8 July 2014
All that work I did last year, on chapters for books by others, is now paying off, and the chapters are appearing, one by one. Here is the latest list:
‘The transpersonal in individual therapy’ 497-518 in W Dryden & A Reeves (eds) The handbook of individual therapy (6th ed) London: Sage 2014
‘The transpersonal approach to coaching’ 145-156 in E Cox, T Bachkirova & D Clutterbuck (eds) The complete handbook of coaching (2nd ed) London: Sage 2014
‘Existential analysis and humanistic psychotherapy’ 549-561 in K J Schneider, J F Pierson & J F T Bugental (eds) The handbook of humanistic psychology: Theory, research and practice (2nd ed) London: Sage 2015
‘Existential, humanistic and transpersonal therapies and the relational approach’ 40-50 in D Charura & S Paul (eds) The therapeutic relationship handbook: Theory and practice Maidenhead: The Open University Press 2014
There is also another one to come, on Primal Integration, but I have not got the full details of publication yet. It is nice to see all these in print at last, and available to all.
July 8, 2014
I went to the Royal Academy Summer Exhibition last week. It did not impress me very much. But it reminded me of the last time I was there.
When I visited the David Hockney exhibition in the Royal Academy, I was not expecting much. It was just something one should do, to keep up with the times. But when I saw ‘The Hawthorn Bush’ something extraordinary happened. I was taken into a realm of peace and joy. There was the unmistakable ring of the numinous. It was enormous, it filled a wall by itself, it was a presence in the room. It took up the whole space. It spoke to me.
My heart really did leap up. This was the real thing. Just as when I walked into the Rothko room in the Tate Modern, there was that crash of recognition – that outburst of ‘This is it!’ What such works have in common is that you cannot represent them. No reproduction, no other rendering, can give you the same experience. Just as with Epstein’s statue of ‘Jacob and the Angel’, you have to be there with it, somehow joined with it, admitted to its essence.
‘The Hawthorn Bush’ is different. It is there. It looks at you, and demands that you look at it. But it is not just the looking, it is the being. It is there, with you, in the room. And the other paintings, and the other spectators, fade out, go silent. Just me. And it. Mutually present. This is it.
June 10, 2014
20 May 2014
Just been seeing ‘Poet in New York’ on TV. Marvellous reading of ‘Do not go gentle into that good night’ (Dylan Thomas) by Tom Hollander. It reminded me of 1959, when I had to take five exams in order to get on to my degree course at Birkbeck. I took the philosophy exam and the final exam for the Sociology diploma I had been doing, an A level exam in logic and another one in literature, and a scholarship exam to Birkbeck College. The A level exam in English Literature featured one of those ‘compare and contrast’ questions on two great poems about death – ‘Do not go gentle into that good night’ and John Donne’s ‘Death be not proud’ – two of my favourite poems, so I was lucky with that. The Hollander reading was so brilliant, it brought tears to my eyes. He had obviously been listening to Thomas’ own reading of the poem, and reproduced it faithfully. Dylan Thomas was one of the great readers of his own poems, and I particularly love the way he does ‘After the Funeral’ – one of the great performances, I think. Really moving and shattering. I wish we could hear John Donne reading his own poetry!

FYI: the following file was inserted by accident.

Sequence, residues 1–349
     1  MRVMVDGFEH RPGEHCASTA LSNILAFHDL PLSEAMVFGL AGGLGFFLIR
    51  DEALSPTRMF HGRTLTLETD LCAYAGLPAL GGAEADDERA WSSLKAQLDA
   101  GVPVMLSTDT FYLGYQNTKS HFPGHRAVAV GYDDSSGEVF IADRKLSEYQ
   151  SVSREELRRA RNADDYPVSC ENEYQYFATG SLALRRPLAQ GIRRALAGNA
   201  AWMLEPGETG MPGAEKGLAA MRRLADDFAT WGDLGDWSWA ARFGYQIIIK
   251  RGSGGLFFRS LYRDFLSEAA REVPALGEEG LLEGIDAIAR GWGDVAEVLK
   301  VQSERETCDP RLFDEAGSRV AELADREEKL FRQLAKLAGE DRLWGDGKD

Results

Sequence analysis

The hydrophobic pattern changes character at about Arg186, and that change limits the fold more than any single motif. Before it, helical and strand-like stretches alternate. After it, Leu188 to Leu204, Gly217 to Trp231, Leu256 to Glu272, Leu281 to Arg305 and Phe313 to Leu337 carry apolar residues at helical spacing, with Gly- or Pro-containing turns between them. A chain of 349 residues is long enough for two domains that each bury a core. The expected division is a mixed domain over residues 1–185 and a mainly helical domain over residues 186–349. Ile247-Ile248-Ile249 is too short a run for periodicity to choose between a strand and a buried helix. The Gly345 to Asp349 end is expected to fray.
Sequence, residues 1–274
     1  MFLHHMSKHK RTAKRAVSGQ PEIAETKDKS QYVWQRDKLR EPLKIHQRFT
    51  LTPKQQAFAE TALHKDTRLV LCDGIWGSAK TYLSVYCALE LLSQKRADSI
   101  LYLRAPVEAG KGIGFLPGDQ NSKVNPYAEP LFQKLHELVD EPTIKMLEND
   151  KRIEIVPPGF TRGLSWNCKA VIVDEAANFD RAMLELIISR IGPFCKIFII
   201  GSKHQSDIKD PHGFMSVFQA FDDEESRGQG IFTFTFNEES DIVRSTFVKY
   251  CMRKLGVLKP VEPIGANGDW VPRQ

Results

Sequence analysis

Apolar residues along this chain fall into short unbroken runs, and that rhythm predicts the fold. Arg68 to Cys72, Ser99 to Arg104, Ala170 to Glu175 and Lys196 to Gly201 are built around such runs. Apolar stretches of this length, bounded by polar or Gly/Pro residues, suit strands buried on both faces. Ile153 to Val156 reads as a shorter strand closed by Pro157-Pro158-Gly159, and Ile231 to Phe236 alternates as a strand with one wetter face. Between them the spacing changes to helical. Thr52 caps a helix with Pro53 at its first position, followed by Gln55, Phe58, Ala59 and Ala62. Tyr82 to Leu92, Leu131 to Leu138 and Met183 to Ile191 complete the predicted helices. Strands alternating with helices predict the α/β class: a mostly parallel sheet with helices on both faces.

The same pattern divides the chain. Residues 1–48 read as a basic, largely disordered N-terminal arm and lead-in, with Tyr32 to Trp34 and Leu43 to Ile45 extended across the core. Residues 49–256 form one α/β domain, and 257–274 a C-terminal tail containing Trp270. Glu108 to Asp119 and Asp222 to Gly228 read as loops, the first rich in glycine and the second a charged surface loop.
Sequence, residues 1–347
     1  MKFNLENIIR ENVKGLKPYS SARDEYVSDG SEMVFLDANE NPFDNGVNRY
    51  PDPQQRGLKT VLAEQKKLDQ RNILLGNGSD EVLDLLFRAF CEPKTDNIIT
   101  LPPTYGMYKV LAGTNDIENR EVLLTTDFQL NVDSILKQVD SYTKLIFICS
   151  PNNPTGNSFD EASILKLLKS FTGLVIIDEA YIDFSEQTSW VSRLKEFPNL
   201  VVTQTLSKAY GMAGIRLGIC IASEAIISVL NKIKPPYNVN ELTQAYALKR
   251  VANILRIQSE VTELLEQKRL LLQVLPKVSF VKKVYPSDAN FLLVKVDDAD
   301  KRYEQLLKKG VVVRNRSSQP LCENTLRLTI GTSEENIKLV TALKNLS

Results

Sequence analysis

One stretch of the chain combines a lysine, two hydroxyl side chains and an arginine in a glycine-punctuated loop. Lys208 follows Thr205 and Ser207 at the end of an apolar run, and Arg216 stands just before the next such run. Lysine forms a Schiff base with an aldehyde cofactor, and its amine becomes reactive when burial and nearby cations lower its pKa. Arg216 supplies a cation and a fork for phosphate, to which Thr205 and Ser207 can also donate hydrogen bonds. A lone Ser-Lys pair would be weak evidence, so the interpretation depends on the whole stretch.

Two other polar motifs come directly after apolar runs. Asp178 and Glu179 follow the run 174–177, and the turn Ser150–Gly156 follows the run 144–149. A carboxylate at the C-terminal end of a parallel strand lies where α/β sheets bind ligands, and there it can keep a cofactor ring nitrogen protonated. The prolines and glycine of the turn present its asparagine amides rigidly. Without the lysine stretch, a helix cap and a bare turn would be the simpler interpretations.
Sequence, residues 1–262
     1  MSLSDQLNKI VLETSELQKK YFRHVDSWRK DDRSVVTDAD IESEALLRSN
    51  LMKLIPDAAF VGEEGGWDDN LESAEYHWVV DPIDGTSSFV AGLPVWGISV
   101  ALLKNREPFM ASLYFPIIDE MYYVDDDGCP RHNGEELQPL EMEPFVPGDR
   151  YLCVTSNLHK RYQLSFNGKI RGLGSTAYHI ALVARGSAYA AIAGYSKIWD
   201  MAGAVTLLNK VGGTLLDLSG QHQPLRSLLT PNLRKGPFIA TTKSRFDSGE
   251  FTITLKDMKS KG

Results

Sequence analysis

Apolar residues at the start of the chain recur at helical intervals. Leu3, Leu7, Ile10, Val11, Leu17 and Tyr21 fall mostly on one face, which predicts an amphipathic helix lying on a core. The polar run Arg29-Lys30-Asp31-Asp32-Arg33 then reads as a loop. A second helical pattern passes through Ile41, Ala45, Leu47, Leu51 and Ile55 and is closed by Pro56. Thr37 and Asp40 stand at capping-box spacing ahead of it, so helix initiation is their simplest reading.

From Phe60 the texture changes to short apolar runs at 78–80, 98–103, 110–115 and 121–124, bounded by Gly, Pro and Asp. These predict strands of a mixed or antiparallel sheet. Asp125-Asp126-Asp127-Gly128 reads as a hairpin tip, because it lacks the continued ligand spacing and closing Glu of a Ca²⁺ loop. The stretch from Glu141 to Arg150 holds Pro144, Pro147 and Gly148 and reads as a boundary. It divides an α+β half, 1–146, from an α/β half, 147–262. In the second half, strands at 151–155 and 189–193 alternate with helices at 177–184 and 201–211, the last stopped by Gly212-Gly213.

May 20, 2014
12 May 2014
WHAT HAPPENED IN THE GROUP?
Then one cold Saturday in February we had an all-day [primal] marathon and I had the most profound experience of my life. On that dav I fell in love for the first time. It was the first time because my head, heart and body were involved. I was no longer stone cold rigid and unavailable. I experienced my own beauty that day, as a woman, as a person. I really felt it on the inside. I loved everyone as they were. With each person and with each moment I was different. I saw their perfection and I also saw their limits. I was not judging. I was just appreciating. I went through a door to a place I could only call whole, clear vision. A sight that sees all undisturbedly. The endless self judgements had quieted. I was. I felt very young, open, vulnerable, not afraid and at peace.
This extract from a participant speaks to me – we sometimes forget what therapy is all about. I want to keep alive that hope, that insight always.
May 12, 2014
2 April 2014 THE BEAUTY OF THERAPY
A young man writes to his therapist months after finishing therapy, and relates the episode which moved him most. He was walking along the beach near his home, and saying to himself – “I am such a failure: I have disappointed my parents, I have disappointed my teachers, I have disappointed my boss, there is just no hope for me.” But then, all at once, as he walked along, he saw the sun setting across the water, and suddenly went into a quite different mood. He said to himself – “My parents had the wrong expectations for me, my teachers had the wrong expectations for me, my boss has the wrong expectations for me – I am not the picture they painted. I am me!” – and his heart leaped up, and he opened his eyes, and he kept repeating “I am me!”, louder and louder. And when he got home, he covered a big sheet of paper with the words – “I am me!” “I am me!” “I am me”, over and over again. And it was as if he opened his heart, and saw the world through his own eyes, for the first time. He wrote that he had not thought too much about his therapy before that time, but all at once he got it.